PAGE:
FACT Rated is our series digging into the sounds and stories the most vital breaking artists around right now. This week, John Twells talks to Felicia Chen, aka Dis Fig, the Berlin-based club DJ and producer whose innovative blends combine “weird club music” with anything that piques her interest.
Felicia Chen, aka Dis Fig, never intended to be a club producer, let alone a DJ. “When I was in grade school I became obsessed with singing,” she says excitedly. “I was the biggest choir nerd in the school and was involved with all different choirs – my dream was to become a jazz singer in New York.” It’s not the origin story you’d expect from one Berlin’s hottest rising DJs, but Chen is proud her differences. In the last few years, she’s built up a solid reputation with a series explorative mixes and a slew boundary-pushing bootlegs, many which will be familiar to keen club afficionados. Her take on Danny Brown’s ‘Income Tax Swag’ twinned the rapper’s rubbery vocals with Emptyset’s industrial percussion and found Chen navigating a world where rap and searing electronics are simply different parts the same harmony.
But Chen’s musical career was almost over before it had started after her jazz dreams were dashed early on. “I was about to go to the university Miami for vocal jazz but in the end it was too expensive,” she laments. “I stopped all music for six years. It was really sad, I went to school for business marketing.” During those lost years, Chen spent her quiet moments digging through tracks, making mixtapes for friends and slowly developing a passion for New York’s club scene, but it wasn’t enough. “I was heartbroken I had no other music in my life and really wanted to create or do something but I was nervous because I hadn’t done anything for six years,” she explains. “I really wanted to make music, but I thought maybe I’d start by DJing.” When a friend lent her a “shitty” DJ controller, Chen finally took the plunge and taught herself to DJ, blending “weirder club music” with anything else that piqued her interest.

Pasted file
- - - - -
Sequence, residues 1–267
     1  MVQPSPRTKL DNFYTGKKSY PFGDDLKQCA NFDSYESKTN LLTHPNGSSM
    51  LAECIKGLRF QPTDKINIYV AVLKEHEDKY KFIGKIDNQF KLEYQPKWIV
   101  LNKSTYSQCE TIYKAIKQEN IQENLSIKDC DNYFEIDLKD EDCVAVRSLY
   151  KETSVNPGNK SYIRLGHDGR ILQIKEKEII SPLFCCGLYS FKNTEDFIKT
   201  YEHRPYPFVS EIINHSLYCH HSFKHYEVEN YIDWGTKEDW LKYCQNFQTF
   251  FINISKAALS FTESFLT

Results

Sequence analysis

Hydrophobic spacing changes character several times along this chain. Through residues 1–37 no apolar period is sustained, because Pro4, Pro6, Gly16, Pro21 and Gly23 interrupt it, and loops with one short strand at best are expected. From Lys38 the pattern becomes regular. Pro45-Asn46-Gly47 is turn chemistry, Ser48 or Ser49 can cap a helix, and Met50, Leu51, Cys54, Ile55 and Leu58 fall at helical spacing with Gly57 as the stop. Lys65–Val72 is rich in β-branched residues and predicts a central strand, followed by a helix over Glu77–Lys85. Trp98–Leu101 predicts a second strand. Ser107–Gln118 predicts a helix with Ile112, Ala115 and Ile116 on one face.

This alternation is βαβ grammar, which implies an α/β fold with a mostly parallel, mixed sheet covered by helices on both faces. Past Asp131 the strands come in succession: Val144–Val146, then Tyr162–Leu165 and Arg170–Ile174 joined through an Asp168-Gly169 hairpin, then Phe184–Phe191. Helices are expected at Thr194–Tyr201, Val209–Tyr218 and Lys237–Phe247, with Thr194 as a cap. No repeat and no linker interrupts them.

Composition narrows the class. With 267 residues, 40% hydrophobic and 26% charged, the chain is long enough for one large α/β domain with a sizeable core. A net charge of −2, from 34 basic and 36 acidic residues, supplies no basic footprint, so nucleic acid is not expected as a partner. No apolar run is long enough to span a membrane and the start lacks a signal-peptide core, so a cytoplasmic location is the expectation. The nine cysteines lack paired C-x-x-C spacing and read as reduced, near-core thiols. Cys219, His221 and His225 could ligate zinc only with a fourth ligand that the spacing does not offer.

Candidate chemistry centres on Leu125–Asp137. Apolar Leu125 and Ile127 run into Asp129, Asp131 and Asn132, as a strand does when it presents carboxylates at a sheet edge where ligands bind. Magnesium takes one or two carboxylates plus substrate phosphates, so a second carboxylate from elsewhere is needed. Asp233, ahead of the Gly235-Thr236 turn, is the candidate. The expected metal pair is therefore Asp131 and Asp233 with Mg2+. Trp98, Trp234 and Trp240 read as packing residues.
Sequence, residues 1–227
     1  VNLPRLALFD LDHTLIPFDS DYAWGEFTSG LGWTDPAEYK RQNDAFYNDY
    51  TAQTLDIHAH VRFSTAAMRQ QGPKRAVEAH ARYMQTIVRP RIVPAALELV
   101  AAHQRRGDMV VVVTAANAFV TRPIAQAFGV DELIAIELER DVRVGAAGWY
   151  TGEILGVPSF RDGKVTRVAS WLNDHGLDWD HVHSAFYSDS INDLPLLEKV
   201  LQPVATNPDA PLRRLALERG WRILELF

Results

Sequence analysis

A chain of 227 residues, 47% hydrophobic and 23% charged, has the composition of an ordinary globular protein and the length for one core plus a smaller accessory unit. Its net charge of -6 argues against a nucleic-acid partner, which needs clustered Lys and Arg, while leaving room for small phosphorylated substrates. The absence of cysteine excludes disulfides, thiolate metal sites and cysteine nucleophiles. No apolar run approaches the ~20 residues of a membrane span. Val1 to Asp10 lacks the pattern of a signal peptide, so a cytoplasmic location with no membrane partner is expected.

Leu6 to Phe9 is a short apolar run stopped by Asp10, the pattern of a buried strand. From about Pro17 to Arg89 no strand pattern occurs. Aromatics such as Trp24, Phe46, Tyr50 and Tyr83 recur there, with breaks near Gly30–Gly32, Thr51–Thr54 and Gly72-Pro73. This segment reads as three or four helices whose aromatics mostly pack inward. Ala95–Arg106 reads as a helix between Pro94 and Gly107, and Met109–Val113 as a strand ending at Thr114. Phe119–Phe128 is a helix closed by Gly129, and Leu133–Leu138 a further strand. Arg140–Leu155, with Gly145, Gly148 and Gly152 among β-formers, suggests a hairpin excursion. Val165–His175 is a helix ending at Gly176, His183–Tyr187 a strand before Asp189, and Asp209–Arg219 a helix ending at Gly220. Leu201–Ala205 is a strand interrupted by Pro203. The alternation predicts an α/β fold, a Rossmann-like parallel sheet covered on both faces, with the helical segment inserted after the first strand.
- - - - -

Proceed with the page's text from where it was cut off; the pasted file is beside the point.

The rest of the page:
Armed with a burning passion for odder strains electronic music and a growing dissatisfaction with New York (“I had three jobs and was working seven days a week”), Felicia eventually headed to Berlin to pursue music. She didn’t go alone – Lele Herrera, aka Hunni’d Jaws, emigrated at the same time and the pair were able to feel out the city together. “You look out when you’re at the club and it’s basically DJs and producers,” she laughs. “So it was easy to get to know people and start playing shows there and once Lele and I started Call Dibs on Berlin Community Radio, that started things moving.”
Once she was established as a DJ, Chen could at long last focus on producing music. She admits her early unreleased experiments with vocals and beats had been less than ideal, but with time to concentrate on her method in Berlin, the sounds in her head began to fall into place. Six months ago she contrbuted the woozy ‘Rebirth’ to Support.FM’s SHXME compilation and in October, she collaborated with Chinese contemporary artist Tianzhuo Chen on the soundtrack to dark pop opera An Atypical Brain Damage. Now she’s working on her debut album, and according to Chen it will toy with the same level melody and emotion that lies at the core her sets.
“I want to incorporate vocals but I’m really bad at lyrics,” she admits, laughing. “The vocals won’t be lyrical – more tonal: singing, screaming, growling. I’m excited. When I was doing jazz, I would have a lot solos but improvisational solos, because I was really bad at memorizing lyrics. Improvising is just playing your voice like it’s a saxophone, so I’ll be experimenting with that idea and not really focusing on words.”
John Twells is FACT’s Managing Editor. Find him on Twitter.
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